On whether global warming is a result of the earth’s natural cycle…
“My take on that argument is the same as the take from the federal government, NASA and the National Oceanic and Atmospheric Administration – natural causes of climate change over the past many decades have not been strong enough to account for the warming we’re seeing. If we take all the natural impacts and add them up – things like volcanos, changes in the tilt of the earth, minor violations in solar output and so on – it doesn’t equal what we’ve seen. We can’t explain the warming in our simulations without calling upon human causes.”
On why this rapid warming is more dangerous than natural warming…
“There have been times in the past with no ice caps at all on the earth’s surface – so certainly warmer than now – but the difference is now we have 7 billion people on this planet. Also, when those past changes happened – and they happened at a slower pace than the world is warming now – things like extinction events occurred. Marine fauna went extinct. Resources like fresh water became more scarce. That’s the issue.”
Jacobs is a professor of paleobotany in Dedman College of Humanities and Sciences at SMU
- 2011: Currano, E., Jacobs, B.F., Pan, A.D. and Tabor, N.J. Inferring ecological disturbance in the fossil record: A case study from the late Oligocene of Ethiopia. Palaeogeography, Palaeoclimatology, Palaeoecology. doi:10.1016/j.palaeo.2011.06.007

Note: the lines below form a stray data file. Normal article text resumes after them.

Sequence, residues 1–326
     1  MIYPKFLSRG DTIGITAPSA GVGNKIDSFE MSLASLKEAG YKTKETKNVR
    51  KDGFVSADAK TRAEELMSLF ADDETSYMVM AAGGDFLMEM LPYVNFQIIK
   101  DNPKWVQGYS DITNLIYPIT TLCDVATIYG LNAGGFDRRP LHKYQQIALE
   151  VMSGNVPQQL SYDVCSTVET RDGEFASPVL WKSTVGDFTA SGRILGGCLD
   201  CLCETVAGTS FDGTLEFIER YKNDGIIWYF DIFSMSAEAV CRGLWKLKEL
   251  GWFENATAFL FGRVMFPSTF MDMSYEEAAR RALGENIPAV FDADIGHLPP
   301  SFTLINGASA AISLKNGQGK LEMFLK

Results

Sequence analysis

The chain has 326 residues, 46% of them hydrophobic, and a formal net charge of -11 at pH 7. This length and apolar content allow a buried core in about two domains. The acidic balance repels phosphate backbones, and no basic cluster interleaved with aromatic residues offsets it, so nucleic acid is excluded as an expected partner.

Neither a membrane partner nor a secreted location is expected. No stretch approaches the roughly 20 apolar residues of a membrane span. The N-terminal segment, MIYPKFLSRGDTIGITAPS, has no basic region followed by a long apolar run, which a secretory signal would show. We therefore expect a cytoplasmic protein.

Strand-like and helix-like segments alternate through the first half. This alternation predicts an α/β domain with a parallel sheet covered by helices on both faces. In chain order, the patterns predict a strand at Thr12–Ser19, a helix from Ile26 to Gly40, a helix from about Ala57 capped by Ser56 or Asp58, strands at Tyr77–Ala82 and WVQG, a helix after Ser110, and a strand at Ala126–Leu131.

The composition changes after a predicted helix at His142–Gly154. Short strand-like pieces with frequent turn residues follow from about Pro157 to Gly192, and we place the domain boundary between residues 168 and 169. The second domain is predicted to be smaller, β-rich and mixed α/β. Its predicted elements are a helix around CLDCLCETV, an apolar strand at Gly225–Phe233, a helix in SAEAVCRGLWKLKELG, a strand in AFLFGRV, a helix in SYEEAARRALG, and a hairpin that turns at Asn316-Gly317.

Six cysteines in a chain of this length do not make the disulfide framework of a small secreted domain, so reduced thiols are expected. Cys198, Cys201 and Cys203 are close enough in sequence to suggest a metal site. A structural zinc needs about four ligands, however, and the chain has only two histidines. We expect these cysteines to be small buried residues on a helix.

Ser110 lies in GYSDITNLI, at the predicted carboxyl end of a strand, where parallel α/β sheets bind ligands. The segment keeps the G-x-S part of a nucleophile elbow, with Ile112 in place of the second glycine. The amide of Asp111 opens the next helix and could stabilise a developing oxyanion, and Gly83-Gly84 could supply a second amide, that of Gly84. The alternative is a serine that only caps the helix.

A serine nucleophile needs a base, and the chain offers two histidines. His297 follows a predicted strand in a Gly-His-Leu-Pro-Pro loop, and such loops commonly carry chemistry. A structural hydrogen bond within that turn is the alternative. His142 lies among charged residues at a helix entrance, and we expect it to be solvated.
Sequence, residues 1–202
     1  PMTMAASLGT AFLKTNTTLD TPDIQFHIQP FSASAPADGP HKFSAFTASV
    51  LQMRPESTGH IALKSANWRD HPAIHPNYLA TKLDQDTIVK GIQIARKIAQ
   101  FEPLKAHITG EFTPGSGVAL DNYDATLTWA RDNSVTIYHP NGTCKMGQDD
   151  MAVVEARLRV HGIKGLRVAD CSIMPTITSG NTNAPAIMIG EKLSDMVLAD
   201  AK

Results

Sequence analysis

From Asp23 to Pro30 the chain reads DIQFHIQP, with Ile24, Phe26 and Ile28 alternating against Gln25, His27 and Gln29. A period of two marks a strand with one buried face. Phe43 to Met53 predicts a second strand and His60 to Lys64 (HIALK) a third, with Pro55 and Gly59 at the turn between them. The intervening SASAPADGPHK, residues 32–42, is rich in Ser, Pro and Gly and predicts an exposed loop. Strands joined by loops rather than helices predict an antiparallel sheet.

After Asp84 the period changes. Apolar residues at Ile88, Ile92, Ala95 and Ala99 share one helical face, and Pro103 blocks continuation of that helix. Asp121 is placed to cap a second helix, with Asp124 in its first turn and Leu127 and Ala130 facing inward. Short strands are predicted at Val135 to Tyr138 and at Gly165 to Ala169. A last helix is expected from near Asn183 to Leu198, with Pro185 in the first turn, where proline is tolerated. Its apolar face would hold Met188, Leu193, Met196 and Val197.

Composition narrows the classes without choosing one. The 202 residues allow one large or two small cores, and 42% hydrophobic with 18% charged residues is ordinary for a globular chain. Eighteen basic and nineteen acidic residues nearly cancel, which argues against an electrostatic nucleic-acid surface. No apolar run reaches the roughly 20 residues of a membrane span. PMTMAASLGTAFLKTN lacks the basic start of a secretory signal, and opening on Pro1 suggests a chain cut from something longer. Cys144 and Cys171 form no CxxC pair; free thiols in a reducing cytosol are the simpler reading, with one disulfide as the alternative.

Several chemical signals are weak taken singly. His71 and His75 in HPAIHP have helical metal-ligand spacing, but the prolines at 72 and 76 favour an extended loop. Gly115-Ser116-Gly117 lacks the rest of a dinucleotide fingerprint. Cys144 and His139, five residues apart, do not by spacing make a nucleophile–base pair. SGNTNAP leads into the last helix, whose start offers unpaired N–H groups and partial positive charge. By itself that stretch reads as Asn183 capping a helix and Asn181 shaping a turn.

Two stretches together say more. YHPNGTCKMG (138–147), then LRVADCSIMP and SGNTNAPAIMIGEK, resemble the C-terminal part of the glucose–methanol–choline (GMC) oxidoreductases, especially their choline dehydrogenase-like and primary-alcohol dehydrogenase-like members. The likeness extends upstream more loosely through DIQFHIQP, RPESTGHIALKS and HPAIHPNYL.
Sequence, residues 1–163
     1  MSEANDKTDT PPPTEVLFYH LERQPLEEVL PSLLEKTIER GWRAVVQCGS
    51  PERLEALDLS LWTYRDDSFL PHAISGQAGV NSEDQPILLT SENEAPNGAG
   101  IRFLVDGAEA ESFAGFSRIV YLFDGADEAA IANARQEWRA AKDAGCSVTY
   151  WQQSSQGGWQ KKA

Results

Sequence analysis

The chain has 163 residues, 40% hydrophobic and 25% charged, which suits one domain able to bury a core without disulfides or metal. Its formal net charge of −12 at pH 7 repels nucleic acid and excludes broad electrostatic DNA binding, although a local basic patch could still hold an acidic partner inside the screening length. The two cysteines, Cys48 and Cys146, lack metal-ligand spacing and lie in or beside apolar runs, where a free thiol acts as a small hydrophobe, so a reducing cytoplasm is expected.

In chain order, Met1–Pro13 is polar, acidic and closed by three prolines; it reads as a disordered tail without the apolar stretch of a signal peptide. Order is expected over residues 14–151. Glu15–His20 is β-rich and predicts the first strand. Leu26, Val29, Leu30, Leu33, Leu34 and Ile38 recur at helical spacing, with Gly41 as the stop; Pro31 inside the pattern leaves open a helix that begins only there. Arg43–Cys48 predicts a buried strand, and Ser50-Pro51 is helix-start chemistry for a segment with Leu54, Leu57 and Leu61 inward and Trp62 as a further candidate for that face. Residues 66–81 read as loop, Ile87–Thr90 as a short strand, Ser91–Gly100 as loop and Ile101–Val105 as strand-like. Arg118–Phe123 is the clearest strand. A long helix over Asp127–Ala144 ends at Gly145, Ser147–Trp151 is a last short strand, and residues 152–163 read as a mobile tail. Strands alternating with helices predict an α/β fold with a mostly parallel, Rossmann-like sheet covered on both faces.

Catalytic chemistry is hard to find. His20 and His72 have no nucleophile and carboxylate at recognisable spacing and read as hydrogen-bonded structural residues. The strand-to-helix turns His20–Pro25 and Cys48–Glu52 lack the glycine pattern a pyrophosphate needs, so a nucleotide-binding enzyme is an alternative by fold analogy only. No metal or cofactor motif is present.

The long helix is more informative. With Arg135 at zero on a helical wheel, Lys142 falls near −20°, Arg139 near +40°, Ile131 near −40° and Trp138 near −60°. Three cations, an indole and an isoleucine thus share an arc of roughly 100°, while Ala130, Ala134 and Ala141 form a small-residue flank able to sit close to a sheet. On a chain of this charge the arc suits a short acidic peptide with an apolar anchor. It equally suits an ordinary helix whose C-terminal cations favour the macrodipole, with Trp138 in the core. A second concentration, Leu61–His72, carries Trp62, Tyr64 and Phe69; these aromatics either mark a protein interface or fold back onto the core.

- 2011: García Massini, J.L. and Jacobs, B.F. Palynological assemblages from a Late Oligocene tuff sequence as indicators of ecological change through time. Review of Palaeobotany and Palynology 164: 211–222.
- 2010: Jiménez-Moreno, G., Anderson, R.S., Desprat, S., Grigg, L.D., Grimm, E.C., Heusser, L.E., Jacobs, B.F., López-Martínez, C., Whitlock, C., Willard, D.A. Millennial-scale variability during the last glacial in vegetation records from North America. Quaternary Science Reviews 29: 2865-2881.
James Hollifield co-authored an article titled “Environmental Refugees” for the Wilson Center in 2015. Excerpts from the piece are below. Hollifield is currently in Tokyo, but can be reached via skype for comment at firstname.lastname@example.org.
“One of the hidden costs of climate change is the displacement of millions of people in some of the poorest regions of the globe. The existing international refugee regime is ill-suited to cope with those seeking refuge from environmental disasters. Countries must get serious about developing coordinated plans to address the issue, lest they be caught by surprise when another humanitarian crisis hits.”
“Since 2008, an average of 26.4 million people per year have been displaced by natural disasters, according to an estimate by the Internal Displacement Monitoring Center. Displacement will likely increase as repeated drought forces people off their farms; sea-level rise inundates coastal areas and low-lying islands; and tropical storms devastate communities. Most of those displaced will remain in their own country or flee to a neighboring state, but a share of them will attempt to migrate to Europe, North America, Australia, Japan, and other wealthy states.”
Hollifield is a professor for political studies and director of the John Goodwin Tower Center for Political Studies at SMU’s Dedman College of Humanities and Sciences
- Migration Theory, Talking across Disciplines, James F. Hollifield & Caroline Brettell, eds. Routledge, 2015
- A Global Perspective, Controlling Immigration, James F. Hollifield. Stanford University Press, 2014
- Immigrants, Markets, and States, James F. Hollifield. Harvard University Press, 1992